If we are to become a world leader in tackling radicalization, we must also become a world leader in listening to public will, and working together to come up with solutions that are balanced and encompass a wide range of views. Only then can other world leaders look upon Canada as a beaming example of how to get it right. For Canada to become a world leader in tackling radicalization we must develop a balanced approach to policy. In order to achieve that true balance, all Canadians should be broadly consulted in a more formal manner by Government.
Let’s put it this way; we could have used the swagger and unexpectedness Donald Trump presented in last nights US Republican debates in the Canadian leaders debate. Instead, the first hour the Canadian debate consisted of Conservative leader Stephen Harper doing what he does best which is misleading Canadians on facts. Green Party leader Elizabeth May catching Harper on misleading facts (which is why she needs to be in every debate). Liberal leader Justin Trudeau attacking the NDP leader Tom Mulcair over a non-issue regarding Quebec separatism because he’s lost a tremendous amount of support to Mulcair over the anti-terror bill. Finally Mulcair looked like he was part of some alien race freaking people out on social media with his weird smile, and alien like black eyes peering into their living rooms when he looked directly into the camera when debating the other leaders.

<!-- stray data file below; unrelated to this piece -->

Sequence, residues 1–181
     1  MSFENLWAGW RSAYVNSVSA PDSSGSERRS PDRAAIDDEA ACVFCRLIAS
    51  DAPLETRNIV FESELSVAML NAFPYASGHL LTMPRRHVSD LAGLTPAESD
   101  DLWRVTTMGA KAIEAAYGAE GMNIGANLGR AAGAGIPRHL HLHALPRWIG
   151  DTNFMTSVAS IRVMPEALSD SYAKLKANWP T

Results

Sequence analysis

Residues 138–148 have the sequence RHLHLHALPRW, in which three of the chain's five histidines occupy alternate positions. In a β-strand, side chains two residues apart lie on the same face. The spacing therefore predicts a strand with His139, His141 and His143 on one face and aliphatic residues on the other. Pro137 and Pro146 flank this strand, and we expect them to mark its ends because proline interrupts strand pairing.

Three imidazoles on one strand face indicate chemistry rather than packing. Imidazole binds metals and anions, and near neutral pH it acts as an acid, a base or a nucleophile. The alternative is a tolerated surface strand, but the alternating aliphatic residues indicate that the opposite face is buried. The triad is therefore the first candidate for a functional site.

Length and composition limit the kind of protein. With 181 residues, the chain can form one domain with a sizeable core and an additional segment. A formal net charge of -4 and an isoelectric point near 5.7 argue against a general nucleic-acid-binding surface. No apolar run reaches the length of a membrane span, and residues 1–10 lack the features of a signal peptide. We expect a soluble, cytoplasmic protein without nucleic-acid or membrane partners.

The two that had the best body language in the debate were the two national debate veterans, May and Harper. Trudeau came across as a kid with something to prove (Liberals think his downfall is due to Harper’s attack ads, not his position on supporting the new anti-terror bill. Liberals are still tone deaf on that because they have nothing to fear but fear itself), and Mulcair just looked nervous for the first hour. On the other hand May seemed very well prepared, however didn’t do well in the first hour to inject her voice over the others. Harper was calm and cool to begin with, however came across as though he got annoyed at the fact he actually had to debate the other parties and defend his record.
Those of us who follow Canadian politics closely saw relatively nothing new regarding policy positions. Harper played the expected “steady as you go” position on the economy warning that the opposition parties would raise taxes and put the country in a horrible economic position. Mulcair and May made a good point that corporate taxes have remained low, and the Bank of Canada has been extremely worried in the past that these corporations are just sitting on the money they saved from tax breaks rather than creating jobs.